Throughout the August Bank Holiday weekend, Manchester will be celebrating Pride. Centred around the Gay Village, tens of thousands of people will gather together to celebrate the annual festival of lesbian, gay, bisexual and transgender culture, with its centrepiece parade.
We sat down with Marc Oldland, our bid coordinator and EDI champion to discuss the important issue of sexuality in the workplace, and whether it is relevant for any business to need this information.
“It’s interesting. While progress has been made, many gay, bisexual and transgender people still worry that revealing their sexuality at work will have negative consequences. LGBT people like myself are still wary of the stigma associated with being gay in the workplace. When completing an application form I wonder if declaring my sexuality will hinder my chances.”
So does this reflect a feeling within the LGBT community that, while on the surface society wears the badges of acceptance and tolerance (with large public events like Pride taking place across the country), things under the surface aren’t quite as comfortable as we would like to believe?
“Those who are out and proud still stop to ponder, will this stop me getting promoted? Will I be treated equally? There is still a stigma of ‘old-fashioned’ mentalities in some areas.”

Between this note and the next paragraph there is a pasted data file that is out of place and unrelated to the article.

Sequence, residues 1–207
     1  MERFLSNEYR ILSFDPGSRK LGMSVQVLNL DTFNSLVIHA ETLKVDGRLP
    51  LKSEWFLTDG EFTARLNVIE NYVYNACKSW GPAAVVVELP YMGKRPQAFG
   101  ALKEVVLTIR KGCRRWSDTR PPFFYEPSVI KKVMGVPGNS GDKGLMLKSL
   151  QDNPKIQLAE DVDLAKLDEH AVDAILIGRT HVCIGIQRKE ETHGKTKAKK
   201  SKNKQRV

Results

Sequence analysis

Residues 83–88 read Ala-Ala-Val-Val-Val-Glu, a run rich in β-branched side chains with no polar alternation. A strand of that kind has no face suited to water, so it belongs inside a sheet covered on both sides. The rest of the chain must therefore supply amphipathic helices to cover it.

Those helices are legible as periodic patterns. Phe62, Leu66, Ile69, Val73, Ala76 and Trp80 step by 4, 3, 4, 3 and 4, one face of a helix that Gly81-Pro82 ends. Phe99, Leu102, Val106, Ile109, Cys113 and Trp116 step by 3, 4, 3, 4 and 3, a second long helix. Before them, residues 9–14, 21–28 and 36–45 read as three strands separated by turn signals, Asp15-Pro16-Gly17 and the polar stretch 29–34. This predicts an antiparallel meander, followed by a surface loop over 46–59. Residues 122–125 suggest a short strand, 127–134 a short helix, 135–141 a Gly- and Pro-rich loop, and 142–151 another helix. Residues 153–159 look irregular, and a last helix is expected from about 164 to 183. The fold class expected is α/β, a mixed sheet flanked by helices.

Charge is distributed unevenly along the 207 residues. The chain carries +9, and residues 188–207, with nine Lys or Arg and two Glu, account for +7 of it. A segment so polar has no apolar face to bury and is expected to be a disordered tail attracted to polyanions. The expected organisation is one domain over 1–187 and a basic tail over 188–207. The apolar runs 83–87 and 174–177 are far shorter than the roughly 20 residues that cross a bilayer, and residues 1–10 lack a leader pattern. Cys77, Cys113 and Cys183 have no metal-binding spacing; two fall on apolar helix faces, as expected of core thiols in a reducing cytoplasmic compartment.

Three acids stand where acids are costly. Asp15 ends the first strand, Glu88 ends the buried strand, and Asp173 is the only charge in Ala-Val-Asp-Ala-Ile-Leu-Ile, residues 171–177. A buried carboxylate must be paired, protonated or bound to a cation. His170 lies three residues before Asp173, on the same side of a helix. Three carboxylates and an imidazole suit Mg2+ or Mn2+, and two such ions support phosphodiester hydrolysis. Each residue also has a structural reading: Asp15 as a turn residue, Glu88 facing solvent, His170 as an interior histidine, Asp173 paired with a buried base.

This leads back to an ultimate point – should sexuality be something that even needs to be declared on job applications? Is it really necessary in society or relevant to the role that you are applying for?
“Whilst I understand that diversity monitoring is here to help support the minority communities, by physically asking, is the employer singling me out? Here at Morson we do not ask for sexual orientation on our application/induction paperwork. Why? Because it doesn’t matter what your sexual preference is, as long as you have the skills and experience to do the job.”
That’s why Marc instigated Morson’s inclusion in the REC Diversity Pledge, Disability Confident Scheme and Mindful Employer Charter.
“In a very heterosexual-centric society I’m pleased to work for a company which recognises the importance of equality and diversity across its workforce and is working towards a fully inclusive workplace.”